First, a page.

Here’s a famous football quote (out of the mouth of Satan himself): “Football, eh? Bloody hell!” Yes. Football and hell. Inextricably linked.
So, it was always but a matter of time before intrepid photojournalists would capture occult goings-on at a football game. But not just any old kickabout. No, the latest fuzzy-focused phantasm was filmed at no less a fixture than a top-tier UEFA Champions League match in Portugal (TV audience, c. 100 billion). And what foreboding circumstances had precipitated this unearthly visitation? Well, the afterlife was summoned to the Estadio do Dragão in northern Portugal by the occasion of FC Porto’s home fixture against Paris Saint Germain. A guy called James Rodriguez had just scored.
Here is Portuguese TV analysing the ghost in super slo-mo:
Apparently, the Porguese press described this footage as “clearly showing a ghost celebrating a goal“. Confirmation of same was inferred from the fact that the chap was wearing “clothes from another era” and sported “an outdated haircut“. Quite obviously, then, a ghost.
In other words, this otherwise impossible combination of vintage clothing and dodgy hair rendered all mainstream understanding of the biological nature of life truly moot, and confirmed once and for all — after thousands of years of human speculation — not only the existence of an alternative-universe-based afterlife, but also the facility and propensity of deceased persons to leave that netherworld and come down here to walk amongst us mere mortals. And to catch a bit of footie into the bargain.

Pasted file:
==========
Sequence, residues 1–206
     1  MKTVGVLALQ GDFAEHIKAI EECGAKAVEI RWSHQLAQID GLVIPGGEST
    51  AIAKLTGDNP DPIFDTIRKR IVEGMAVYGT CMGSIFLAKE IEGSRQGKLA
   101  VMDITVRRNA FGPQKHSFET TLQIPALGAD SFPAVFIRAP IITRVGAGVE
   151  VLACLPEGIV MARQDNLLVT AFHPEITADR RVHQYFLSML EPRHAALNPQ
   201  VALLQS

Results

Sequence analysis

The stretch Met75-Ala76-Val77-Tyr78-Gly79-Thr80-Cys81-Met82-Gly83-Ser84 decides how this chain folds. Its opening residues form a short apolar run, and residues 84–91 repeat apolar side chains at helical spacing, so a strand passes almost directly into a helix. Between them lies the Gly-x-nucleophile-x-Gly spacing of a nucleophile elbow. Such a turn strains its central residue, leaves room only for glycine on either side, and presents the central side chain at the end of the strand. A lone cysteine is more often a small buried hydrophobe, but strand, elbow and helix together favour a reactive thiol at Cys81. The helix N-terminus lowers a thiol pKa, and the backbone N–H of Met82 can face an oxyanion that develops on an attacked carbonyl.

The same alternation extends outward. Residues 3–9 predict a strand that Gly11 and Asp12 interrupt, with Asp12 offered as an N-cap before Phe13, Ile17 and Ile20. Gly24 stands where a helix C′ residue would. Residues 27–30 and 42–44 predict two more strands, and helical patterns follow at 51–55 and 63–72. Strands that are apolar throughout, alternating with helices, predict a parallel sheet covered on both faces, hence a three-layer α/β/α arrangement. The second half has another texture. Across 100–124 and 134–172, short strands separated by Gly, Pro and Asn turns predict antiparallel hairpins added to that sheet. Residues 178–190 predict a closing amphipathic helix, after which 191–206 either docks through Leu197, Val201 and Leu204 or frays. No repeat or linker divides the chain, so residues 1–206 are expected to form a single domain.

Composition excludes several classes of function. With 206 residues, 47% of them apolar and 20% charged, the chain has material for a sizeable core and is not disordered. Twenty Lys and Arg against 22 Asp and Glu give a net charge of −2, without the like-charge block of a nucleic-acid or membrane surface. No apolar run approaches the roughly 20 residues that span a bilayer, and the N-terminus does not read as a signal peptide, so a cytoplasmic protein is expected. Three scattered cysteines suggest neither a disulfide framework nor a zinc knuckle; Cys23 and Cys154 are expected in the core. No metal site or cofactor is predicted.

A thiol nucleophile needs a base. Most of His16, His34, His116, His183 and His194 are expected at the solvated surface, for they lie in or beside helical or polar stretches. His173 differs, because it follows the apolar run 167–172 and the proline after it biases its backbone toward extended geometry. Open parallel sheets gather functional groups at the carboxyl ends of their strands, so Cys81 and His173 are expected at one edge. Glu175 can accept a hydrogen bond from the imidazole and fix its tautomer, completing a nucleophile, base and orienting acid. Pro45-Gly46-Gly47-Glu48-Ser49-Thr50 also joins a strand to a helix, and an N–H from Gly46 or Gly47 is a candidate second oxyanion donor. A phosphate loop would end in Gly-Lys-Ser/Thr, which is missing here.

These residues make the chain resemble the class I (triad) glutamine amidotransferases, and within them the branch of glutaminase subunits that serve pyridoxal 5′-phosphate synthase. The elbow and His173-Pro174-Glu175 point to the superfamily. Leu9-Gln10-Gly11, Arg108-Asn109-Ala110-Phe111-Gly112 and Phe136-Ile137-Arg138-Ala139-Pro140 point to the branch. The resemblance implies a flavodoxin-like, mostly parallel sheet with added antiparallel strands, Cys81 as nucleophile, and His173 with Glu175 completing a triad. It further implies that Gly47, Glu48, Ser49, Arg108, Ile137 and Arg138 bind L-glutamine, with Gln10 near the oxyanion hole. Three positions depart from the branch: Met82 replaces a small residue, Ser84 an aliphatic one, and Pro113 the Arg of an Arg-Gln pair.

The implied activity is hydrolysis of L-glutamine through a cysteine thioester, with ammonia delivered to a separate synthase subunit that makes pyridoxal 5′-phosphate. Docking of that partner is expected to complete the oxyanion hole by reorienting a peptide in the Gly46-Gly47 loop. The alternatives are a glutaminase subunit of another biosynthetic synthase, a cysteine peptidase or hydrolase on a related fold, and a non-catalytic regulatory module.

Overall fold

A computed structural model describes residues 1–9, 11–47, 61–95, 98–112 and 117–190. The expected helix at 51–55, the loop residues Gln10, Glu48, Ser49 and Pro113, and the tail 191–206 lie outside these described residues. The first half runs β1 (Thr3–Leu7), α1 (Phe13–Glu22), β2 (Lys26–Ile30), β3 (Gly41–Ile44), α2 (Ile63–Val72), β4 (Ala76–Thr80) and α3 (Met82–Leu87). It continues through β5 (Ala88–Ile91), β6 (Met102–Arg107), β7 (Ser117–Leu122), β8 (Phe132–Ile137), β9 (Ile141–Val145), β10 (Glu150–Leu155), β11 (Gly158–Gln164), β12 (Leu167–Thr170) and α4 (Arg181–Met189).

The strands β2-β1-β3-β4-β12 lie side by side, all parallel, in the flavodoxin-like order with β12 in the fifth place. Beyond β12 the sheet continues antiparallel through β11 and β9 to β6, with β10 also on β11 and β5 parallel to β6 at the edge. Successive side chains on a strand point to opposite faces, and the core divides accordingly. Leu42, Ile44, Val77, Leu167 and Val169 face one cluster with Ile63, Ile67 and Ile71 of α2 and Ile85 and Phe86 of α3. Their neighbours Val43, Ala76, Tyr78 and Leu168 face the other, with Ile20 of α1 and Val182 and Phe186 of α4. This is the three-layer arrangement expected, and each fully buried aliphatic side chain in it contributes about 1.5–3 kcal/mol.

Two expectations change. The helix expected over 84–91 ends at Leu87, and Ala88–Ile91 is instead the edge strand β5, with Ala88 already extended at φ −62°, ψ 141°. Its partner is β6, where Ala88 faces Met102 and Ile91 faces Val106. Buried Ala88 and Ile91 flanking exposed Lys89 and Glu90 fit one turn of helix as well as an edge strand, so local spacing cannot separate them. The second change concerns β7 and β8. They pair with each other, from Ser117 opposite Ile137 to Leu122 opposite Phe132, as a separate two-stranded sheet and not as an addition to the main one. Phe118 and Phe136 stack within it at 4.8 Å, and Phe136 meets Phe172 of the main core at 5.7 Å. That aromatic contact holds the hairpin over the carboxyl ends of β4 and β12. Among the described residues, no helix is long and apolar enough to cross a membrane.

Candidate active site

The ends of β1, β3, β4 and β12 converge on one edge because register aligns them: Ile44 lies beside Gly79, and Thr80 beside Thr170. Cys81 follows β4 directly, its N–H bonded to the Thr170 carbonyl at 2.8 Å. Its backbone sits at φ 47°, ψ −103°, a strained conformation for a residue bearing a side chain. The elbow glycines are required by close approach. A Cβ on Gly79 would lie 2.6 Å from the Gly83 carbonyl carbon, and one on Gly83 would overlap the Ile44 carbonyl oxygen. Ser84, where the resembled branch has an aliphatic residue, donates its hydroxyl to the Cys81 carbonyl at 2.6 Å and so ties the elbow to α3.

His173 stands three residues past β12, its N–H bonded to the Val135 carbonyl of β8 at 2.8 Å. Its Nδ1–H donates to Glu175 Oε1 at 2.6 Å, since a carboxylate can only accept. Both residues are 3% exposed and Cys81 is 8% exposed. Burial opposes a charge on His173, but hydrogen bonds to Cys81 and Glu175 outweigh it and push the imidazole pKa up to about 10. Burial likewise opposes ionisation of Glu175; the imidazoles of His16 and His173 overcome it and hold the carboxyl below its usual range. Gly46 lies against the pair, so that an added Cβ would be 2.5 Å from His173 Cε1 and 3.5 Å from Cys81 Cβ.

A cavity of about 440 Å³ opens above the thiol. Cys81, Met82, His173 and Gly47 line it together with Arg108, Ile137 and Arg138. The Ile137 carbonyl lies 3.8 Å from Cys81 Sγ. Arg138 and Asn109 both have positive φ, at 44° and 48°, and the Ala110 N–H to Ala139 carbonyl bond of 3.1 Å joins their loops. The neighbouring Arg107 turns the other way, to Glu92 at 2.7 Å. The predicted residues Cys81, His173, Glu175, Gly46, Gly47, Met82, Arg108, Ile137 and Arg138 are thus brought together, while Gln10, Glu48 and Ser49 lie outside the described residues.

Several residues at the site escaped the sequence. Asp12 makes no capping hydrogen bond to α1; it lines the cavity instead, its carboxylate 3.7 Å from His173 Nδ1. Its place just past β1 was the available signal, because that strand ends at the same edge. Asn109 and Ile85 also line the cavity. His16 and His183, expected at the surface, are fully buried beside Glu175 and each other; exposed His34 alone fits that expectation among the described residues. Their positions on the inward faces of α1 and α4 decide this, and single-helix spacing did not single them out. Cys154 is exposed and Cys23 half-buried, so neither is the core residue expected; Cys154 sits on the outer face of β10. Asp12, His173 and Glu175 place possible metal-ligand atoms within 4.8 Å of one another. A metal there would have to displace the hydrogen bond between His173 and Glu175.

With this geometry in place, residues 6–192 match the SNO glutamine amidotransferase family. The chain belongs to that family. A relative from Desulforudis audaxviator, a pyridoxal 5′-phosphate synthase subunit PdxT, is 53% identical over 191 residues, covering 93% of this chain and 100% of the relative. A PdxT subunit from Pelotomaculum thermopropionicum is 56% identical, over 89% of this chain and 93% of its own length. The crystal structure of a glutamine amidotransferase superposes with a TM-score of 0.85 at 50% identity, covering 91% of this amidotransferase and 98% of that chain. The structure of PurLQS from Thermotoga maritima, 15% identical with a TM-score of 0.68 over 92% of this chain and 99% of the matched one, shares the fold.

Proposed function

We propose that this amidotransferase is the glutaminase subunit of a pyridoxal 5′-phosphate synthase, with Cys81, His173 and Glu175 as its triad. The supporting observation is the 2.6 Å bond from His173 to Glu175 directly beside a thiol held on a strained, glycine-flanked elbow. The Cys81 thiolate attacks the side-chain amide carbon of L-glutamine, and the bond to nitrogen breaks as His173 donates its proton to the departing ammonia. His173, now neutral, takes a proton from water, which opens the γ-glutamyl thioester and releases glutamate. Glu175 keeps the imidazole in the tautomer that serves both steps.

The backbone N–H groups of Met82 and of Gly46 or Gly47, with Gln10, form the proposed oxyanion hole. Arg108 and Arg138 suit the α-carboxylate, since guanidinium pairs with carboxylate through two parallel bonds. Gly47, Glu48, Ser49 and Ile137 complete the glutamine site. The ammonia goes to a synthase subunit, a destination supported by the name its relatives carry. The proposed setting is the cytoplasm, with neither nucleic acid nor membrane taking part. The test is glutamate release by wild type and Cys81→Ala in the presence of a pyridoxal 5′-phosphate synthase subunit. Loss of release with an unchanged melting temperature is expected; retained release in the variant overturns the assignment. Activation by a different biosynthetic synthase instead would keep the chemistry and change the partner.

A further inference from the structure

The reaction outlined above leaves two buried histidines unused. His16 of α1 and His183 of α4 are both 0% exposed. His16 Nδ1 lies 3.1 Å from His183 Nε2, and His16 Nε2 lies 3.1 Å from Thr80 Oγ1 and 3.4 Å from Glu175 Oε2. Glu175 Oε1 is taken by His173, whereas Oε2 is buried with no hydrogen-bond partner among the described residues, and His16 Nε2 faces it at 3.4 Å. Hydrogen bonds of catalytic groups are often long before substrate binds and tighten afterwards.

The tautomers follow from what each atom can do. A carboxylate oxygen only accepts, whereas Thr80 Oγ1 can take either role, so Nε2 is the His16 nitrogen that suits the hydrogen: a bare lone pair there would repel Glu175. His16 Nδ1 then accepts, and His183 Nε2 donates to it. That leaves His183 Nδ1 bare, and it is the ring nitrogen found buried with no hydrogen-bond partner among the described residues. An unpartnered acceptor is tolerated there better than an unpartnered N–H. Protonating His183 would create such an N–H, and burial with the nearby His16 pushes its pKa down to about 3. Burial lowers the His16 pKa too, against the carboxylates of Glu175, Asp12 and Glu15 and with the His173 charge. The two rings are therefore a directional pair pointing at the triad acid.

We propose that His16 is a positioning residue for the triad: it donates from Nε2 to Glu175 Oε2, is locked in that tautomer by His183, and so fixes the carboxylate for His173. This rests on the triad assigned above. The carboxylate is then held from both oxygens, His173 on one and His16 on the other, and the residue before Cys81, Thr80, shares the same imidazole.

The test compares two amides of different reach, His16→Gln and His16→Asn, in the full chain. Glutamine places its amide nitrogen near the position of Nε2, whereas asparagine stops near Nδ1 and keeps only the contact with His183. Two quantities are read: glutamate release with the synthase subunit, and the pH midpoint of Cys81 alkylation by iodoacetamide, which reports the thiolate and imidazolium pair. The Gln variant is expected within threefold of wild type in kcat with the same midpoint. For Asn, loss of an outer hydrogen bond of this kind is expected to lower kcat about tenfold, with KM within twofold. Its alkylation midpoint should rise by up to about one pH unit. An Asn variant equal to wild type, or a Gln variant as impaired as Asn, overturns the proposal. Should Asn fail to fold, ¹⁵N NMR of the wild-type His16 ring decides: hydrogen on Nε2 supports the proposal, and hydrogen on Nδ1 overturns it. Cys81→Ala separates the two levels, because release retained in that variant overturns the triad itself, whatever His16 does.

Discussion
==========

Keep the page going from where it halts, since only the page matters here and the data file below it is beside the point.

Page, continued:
But you’re just never going to guess how all this turns out. It transpires that the ghoul near the goalmouth was not actually an ethereal being after all. Through the power of, well, alternative angles of photography, the football phantom was revealed to be no less than “an old fan” (or, in the lovely vernacular, “una anciana aficionada“). Yes, it just seems that old people wear old-fashioned clothes sometimes.
So, what line to the Portuguese media go with next? Yes, that’s right, “There is no ghost of Dragão“. Hmmm. No doubt the Pulitzers are in the post.
A game of two halves, perhaps…
Brian Hughes is an academic psychologist and university professor in Galway, Ireland, specialising in stress, health, and the application of psychology to social issues. He writes widely on the psychology of empiricism and of empirically disputable claims, especially as they pertain to science, health, medicine, and politics.